It is important for buyers to be aware of the property values established by HUD and submit offers knowingly. You will generally make your offer for a HUD Home during a designated Listing Period. With the commencement of the Initial Listing Period, bids may be submitted by all potential purchasers. However, priority will be given to owner-occupant purchasers for the first 10 calendar days as follows: All owner-occupant offers received during the first five days of this10 day period will be considered to have been received simultaneously. On the first business day following the expiration of the five day period, owner-occupant bids are reviewed, at which point the highest acceptable net owner-occupant will be accepted. Should there be no acceptable owner-occupant bids, owner-occupant bids will be reviewed on a daily basis for the remaining five days. At each such daily review, HUD will accept the highest acceptable net owner-occupant bid. At the conclusion of the 10-day owner-occupant priority period, should the property remain unsold, a review of all general public bids (e.g. investor) received during the 10 day period will be conducted. Earnest money. When you make an offer on a home, the seller will usually require an earnest money deposit as proof that your offer is serious. If the offer is accepted, your earnest money deposit will become part of your down payment or closing costs. If your offer is rejected, the broker will return your earnest money to you.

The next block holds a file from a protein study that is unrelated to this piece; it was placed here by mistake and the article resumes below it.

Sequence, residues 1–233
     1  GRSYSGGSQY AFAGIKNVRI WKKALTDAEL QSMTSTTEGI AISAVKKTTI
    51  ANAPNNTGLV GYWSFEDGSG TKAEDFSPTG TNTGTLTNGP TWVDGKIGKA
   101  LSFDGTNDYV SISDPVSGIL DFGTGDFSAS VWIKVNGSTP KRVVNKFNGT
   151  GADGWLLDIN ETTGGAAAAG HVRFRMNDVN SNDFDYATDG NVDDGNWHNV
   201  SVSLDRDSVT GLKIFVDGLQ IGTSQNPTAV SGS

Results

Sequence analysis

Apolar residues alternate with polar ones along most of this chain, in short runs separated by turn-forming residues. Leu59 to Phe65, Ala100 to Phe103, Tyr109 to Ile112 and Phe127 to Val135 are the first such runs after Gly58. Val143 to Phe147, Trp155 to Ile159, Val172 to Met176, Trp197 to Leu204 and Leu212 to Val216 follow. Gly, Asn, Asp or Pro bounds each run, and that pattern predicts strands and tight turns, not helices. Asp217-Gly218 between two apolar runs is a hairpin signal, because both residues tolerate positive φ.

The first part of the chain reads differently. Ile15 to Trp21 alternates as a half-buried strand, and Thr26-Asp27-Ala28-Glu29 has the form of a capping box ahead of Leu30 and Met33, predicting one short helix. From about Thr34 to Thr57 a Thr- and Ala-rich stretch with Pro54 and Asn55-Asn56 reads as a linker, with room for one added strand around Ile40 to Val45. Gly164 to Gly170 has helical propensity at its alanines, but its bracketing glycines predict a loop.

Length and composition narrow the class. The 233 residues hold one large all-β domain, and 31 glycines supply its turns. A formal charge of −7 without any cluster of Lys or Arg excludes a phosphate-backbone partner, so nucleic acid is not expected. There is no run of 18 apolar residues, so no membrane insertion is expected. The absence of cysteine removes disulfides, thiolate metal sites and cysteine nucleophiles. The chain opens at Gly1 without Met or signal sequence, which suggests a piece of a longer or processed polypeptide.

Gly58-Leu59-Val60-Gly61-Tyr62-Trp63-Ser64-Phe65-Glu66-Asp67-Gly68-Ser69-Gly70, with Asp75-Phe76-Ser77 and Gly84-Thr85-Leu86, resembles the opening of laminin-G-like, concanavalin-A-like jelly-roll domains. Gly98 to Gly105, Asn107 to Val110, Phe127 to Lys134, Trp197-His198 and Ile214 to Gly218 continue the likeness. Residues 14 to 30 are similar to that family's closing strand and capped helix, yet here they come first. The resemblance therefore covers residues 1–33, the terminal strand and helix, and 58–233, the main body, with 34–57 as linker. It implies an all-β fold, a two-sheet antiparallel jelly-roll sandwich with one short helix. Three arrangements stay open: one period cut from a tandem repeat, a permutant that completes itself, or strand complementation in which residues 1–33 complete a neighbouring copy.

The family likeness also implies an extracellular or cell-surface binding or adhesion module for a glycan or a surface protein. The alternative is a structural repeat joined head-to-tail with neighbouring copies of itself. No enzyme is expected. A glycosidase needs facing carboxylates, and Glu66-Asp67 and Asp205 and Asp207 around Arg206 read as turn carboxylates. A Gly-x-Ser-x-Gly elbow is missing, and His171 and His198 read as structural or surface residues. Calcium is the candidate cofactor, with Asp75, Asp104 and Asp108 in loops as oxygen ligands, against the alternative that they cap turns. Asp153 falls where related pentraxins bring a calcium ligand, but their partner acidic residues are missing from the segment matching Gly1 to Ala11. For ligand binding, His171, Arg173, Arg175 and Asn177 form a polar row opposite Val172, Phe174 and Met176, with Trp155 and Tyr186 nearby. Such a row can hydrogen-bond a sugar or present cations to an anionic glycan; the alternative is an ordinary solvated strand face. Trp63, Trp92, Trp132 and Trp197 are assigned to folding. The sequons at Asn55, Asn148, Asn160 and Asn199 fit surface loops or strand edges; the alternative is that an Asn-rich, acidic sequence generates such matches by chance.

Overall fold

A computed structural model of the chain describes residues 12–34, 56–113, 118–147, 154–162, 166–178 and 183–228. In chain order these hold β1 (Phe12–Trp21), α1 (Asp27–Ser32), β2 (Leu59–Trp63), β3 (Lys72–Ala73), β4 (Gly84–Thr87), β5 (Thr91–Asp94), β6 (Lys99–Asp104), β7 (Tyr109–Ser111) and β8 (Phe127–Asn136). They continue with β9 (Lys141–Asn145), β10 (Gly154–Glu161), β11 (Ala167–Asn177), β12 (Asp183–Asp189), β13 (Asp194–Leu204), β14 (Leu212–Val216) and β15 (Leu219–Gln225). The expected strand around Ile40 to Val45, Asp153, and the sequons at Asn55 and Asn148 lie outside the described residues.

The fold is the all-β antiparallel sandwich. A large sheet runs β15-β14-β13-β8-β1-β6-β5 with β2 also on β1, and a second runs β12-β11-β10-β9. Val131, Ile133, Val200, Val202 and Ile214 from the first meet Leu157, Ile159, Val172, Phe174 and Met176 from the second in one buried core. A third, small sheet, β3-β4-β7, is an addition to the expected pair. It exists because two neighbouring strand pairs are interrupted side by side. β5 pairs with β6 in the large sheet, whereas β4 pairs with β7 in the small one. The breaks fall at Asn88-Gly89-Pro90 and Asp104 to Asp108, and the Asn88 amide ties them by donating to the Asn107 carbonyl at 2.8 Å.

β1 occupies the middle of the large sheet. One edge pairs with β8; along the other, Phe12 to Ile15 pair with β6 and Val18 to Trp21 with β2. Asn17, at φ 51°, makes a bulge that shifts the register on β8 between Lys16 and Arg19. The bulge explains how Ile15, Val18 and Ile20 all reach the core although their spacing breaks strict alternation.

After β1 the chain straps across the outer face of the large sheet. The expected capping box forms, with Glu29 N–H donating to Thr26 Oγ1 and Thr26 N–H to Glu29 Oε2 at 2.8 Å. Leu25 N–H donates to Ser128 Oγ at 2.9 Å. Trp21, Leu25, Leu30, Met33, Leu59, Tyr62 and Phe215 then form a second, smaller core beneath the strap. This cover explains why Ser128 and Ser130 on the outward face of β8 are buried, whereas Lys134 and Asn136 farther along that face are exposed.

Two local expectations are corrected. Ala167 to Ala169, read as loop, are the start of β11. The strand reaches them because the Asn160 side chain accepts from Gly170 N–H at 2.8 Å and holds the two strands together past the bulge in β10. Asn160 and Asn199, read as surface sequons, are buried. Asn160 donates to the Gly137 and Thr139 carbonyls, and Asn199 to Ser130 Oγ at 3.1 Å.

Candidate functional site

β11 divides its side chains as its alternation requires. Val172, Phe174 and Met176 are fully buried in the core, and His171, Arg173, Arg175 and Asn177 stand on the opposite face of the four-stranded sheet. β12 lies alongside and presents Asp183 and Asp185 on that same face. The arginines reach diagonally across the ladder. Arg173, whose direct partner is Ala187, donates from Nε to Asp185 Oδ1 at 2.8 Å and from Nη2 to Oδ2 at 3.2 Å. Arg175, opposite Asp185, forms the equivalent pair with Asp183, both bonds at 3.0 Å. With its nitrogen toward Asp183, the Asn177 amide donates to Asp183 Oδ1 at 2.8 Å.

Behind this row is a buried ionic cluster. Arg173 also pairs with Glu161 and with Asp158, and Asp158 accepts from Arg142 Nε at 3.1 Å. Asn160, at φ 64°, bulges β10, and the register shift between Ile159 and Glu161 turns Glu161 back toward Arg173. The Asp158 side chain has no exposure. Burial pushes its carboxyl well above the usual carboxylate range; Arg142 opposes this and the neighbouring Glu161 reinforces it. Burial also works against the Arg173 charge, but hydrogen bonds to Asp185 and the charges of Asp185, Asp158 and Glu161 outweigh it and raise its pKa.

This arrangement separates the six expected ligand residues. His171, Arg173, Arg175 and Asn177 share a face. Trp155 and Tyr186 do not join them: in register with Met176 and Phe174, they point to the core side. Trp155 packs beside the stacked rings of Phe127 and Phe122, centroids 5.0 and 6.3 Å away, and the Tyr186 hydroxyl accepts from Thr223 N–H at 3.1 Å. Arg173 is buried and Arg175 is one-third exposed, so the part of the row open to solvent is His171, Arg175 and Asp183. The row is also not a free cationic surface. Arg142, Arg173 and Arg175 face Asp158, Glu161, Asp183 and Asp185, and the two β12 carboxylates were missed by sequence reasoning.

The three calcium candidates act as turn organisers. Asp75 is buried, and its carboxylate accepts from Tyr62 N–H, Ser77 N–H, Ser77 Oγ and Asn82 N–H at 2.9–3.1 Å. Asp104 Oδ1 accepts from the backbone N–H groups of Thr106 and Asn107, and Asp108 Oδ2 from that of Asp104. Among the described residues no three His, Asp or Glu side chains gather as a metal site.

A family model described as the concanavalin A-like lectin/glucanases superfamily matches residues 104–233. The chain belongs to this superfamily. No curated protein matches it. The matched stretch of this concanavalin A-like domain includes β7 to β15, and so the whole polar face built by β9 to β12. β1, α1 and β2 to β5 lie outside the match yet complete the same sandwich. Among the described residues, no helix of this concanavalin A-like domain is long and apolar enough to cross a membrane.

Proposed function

First of all, you should know that HUD itself does not provide financing. You obtain financing through a bank or mortgage lender. Since many HUD Homes are eligible for FHA-insured mortgage loans, this can make financing easier to obtain. However, you are not required to get an FHA loan to buy a HUD Home.